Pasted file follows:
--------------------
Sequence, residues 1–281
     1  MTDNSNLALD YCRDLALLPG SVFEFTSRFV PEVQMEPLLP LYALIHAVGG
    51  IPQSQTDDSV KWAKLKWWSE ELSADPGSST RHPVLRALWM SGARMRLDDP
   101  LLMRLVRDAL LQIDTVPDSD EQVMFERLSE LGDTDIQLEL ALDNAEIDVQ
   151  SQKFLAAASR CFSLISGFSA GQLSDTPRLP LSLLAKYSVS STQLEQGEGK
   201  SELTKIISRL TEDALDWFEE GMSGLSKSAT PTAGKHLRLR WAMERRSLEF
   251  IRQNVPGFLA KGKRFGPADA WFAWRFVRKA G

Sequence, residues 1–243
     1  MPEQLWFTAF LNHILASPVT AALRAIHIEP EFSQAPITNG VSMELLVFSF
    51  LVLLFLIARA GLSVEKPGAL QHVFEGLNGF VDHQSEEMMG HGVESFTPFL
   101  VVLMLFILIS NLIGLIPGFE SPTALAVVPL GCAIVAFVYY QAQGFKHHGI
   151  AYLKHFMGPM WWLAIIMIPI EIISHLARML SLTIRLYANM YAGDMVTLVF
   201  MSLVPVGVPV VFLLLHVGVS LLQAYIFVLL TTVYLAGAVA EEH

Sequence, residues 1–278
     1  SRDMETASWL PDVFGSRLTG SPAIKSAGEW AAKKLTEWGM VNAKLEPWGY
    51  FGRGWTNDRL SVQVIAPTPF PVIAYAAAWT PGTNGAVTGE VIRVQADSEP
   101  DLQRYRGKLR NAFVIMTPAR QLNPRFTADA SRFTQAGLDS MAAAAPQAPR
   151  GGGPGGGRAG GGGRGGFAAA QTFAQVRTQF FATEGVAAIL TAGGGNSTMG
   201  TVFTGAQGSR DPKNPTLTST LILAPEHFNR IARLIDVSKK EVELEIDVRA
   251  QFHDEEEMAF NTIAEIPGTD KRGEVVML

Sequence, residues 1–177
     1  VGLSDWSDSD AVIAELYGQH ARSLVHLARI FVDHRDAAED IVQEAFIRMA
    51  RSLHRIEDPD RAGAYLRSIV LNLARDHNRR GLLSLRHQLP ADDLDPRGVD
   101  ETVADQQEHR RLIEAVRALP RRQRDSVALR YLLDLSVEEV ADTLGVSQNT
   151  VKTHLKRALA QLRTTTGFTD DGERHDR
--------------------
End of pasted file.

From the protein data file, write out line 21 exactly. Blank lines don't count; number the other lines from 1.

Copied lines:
Sequence, residues 1–177